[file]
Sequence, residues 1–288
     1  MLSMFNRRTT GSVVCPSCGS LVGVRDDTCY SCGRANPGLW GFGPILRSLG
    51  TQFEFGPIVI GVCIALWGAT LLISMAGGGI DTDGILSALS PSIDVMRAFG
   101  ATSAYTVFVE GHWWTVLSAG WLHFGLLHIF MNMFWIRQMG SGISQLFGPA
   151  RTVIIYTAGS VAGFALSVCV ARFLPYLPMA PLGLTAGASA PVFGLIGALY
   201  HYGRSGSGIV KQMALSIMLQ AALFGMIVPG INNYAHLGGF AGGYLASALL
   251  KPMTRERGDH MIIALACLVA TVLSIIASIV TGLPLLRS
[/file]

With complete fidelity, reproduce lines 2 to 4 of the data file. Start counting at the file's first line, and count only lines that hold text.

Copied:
     1  MLSMFNRRTT GSVVCPSCGS LVGVRDDTCY SCGRANPGLW GFGPILRSLG
    51  TQFEFGPIVI GVCIALWGAT LLISMAGGGI DTDGILSALS PSIDVMRAFG
   101  ATSAYTVFVE GHWWTVLSAG WLHFGLLHIF MNMFWIRQMG SGISQLFGPA